Medieval Archaeology in Egypt February 1 - February 15- March 1

Hesham Nasr's picture
February 1, 2023 to March 31, 2023
United Kingdom
Subject Fields: 
African History / Studies, Arabic History / Studies, Archaeology, Islamic History / Studies, Urban History / Studies

The Centre for Islamic Archaeology, IAIS, University of Exeter,  invites you to the ‘Medieval Archaeology in Egypt ’ seminar series 2023. The seminars aim to bring recent research on the medieval archaeology of Egypt to a wide audience. All are welcome.  All lectures will be online via Zoom 16:00 to 17:00 GMT (Wednesdays). Please have a look at the poster for details on speakers and seminar titles. For enquiries contact Hesham Nasr at

Register in advance
After registering, you will receive a confirmation email containing information about joining the meeting.

The first seminar took place on  18th January: it can be accessed via

Alaa Habashi

Professor of Architecture and Heritage Conservation, and Chairperson, Architectural Engineering Department, Faculty of Engineering, Menofia University, Egypt 

Alaa el-Habashi is an Egyptian professor of architecture and heritage conservation. He received his MS and Ph.D. from the University of Pennsylvania. His research and practices aim to respect the specificities of local history and traditions. He conducted many conservation projects in the Arab World, and assisted in registering, managing, and evaluating World Heritage sites. He is founding in Bayt Yakan of Historic Cairo a Center for the Revitalization of Historic Cities.

Title: ‘Urban archaeology, selected cases from Historic Cairo’


The presentation assesses historic Cairo's historic layers and morphologies through selected cases, specifically residential contexts. Residential components are always ignored in the determining values of historic cities, whereas it is usually the soul of revitalizing the contemporary context.  Interpreting urban archaeological remains is a tool for the prospective revitalization."


1st February 

Wolfgang Müller, 

Deputy director of the Swiss Institute for Architectural and Archaeological Research on Ancient Egypt in Cairo

Study of Classical Archaeology and Egyptology at the University of Vienna.

Since 2004 at the Swiss Institute for Architectural and Archaeological Research on Ancient Egypt in Cairo. Since 2004 field director of the Joint Swiss-Egyptian Mission at Old Aswan.

Title: ‘Medieval Aswan. The Archaeological Evidence’


The Swiss Institute for Architectural and Archaeological Research on Ancient Egypt in Cairo is conducting an urban archaeological project in Aswan together with the Egyptian Ministry for Tourism and Antiquities since 2000. 96 Areas throughout the modern city of Aswan have been investigated, the majority of them in rescue excavations. In most of these sites, remains of the medieval city were encountered. According to historical sources, Aswan was among the most important towns of Egypt during its heyday from the Early Islamic to Early Medieval Period. Recent archaeological work helps to get a better idea of the physical reality of the medieval town and its development. Basic facts like the extent of the town and its geographical setting as well as details concerning its fortifications, harbor installations or domestic buildings will be presented in the paper. A recently published study on the pottery from medieval Aswan by Gregory Williams as well as numismatic evidence provided the necessary data for compiling the small unconnected area into a coherent picture.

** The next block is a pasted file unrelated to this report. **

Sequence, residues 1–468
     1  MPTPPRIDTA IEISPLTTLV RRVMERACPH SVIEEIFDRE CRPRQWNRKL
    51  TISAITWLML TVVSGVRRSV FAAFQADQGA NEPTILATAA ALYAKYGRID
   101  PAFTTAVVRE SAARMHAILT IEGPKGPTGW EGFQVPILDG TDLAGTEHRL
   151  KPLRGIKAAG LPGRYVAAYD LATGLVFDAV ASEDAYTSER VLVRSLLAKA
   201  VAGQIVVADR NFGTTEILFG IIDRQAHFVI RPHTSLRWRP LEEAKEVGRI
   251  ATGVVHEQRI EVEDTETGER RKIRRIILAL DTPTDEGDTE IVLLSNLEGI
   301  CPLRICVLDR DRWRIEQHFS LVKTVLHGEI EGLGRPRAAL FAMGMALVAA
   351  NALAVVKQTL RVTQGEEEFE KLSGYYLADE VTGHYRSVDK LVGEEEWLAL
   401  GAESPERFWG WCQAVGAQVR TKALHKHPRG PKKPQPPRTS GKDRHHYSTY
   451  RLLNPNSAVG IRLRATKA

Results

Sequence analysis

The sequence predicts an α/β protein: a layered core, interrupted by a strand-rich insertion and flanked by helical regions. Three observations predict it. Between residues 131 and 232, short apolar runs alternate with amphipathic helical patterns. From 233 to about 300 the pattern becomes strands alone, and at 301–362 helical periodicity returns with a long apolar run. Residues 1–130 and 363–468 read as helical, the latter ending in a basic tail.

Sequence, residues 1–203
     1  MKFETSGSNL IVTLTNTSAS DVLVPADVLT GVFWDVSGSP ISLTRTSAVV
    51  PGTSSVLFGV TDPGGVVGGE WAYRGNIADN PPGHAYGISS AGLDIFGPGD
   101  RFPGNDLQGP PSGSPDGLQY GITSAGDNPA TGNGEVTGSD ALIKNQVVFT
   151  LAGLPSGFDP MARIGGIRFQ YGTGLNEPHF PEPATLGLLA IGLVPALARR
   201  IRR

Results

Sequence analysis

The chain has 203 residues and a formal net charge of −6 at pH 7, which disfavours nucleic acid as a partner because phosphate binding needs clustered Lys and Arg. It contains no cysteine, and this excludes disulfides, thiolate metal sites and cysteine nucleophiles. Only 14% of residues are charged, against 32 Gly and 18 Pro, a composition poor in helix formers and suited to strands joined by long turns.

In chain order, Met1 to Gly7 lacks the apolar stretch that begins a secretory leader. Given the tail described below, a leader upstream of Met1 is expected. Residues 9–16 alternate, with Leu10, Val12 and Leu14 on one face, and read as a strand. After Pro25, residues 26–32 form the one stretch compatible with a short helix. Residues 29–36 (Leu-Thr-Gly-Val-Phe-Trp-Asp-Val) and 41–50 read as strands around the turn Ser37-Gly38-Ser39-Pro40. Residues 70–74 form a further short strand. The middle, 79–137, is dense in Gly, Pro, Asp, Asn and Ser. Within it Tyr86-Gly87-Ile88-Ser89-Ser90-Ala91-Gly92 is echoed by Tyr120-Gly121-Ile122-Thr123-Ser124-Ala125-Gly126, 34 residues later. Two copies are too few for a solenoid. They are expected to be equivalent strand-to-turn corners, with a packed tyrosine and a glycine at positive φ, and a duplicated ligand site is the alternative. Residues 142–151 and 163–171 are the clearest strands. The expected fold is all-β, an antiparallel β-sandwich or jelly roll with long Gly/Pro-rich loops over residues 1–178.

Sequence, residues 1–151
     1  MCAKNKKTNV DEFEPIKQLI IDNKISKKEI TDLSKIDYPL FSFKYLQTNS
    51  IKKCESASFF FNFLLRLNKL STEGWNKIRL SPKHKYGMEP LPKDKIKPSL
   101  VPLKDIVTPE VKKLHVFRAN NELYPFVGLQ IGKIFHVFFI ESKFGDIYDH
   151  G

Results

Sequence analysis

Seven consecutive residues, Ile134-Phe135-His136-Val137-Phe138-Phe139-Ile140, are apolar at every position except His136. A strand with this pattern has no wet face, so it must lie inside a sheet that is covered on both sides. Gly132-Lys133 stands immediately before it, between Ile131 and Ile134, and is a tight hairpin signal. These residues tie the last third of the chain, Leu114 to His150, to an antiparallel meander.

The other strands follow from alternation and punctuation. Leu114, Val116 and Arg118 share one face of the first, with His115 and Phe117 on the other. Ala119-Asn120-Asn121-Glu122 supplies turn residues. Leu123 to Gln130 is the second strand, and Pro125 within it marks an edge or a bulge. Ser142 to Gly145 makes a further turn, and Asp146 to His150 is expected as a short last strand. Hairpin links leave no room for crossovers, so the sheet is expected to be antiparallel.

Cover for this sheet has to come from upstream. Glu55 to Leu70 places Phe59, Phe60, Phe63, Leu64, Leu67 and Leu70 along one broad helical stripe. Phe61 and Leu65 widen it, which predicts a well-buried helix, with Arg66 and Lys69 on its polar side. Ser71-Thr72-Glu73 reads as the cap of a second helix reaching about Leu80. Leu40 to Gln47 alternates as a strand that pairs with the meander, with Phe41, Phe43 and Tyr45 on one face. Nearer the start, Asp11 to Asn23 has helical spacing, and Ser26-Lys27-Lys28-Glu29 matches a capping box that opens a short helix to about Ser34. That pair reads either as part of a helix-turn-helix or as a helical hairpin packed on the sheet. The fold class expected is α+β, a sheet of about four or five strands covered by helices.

15th February 

Alison L. Gascoigne 

Professor of Archaeology, Faculty of Arts and Humanities, University of Southampton, UK

Alison Gascoigne is a Professor of Archaeology at the University of Southampton, where she has worked since 2007. She has undertaken extensive fieldwork in Egypt, including at Tell Tinnis (published in 2020 as The Island City of Tinnis with IFAO Press); around Old Cairo as part of the USAid Groundwater Lowering Project; at various sites in the Aswan region; and in the Kharga Oasis in the Western Desert. She has also worked in Afghanistan, at the sites of Jam, Ghur, and the Bala Hissar, Kabul.


‘Sherds and the City: Pottery Production, Society and the Changing Urban Fabric of Fustat’


This paper coordinates archaeological information on the changing urban landscape of Egypt’s first Islamic-era capital, Fustat, with topographical, social and economic insights from the Geniza archive and other sources. A focus on the organisation of the city’s pottery industry provides new insights into the multiple ‘abandonments’ and reoccupations familiar from historical sources, showing how diverse residential areas were turned to industrial use (and back) via adaptable transitional processes.

1st March 

Ahmed Al-Shoky 

Professor of Islamic Archaeology and vice Dean of the Faculty of Archaeology Ain shams university

- Correspondant scientifique d'Ifao.

-Former General director of the Museum of Islamic Art in Cairo.

- Former Chairman of the National Library and archive of Egypt. 

Title: ‘The Excavation of Sheikh Al-Arab Hammam in Upper Egypt’


Three seasons of the excavations of the castle of Sheikh Al Arab Hammam, located in the village of al-Arki, about 6 km southwest of Farshout. The importance of this site stems from the presence of this citadel facing Wadi al-Hol, which is the main road leading to Darb el-Arbain, a famous chameleon track on which commercial caravans managed to pass long tracts of Egyptian history. This site is one of the pristine sites that have not previously been excavated, and it represents a unique example of Ottoman-era military fortifications that survived in Upper Egypt (the Saiid).



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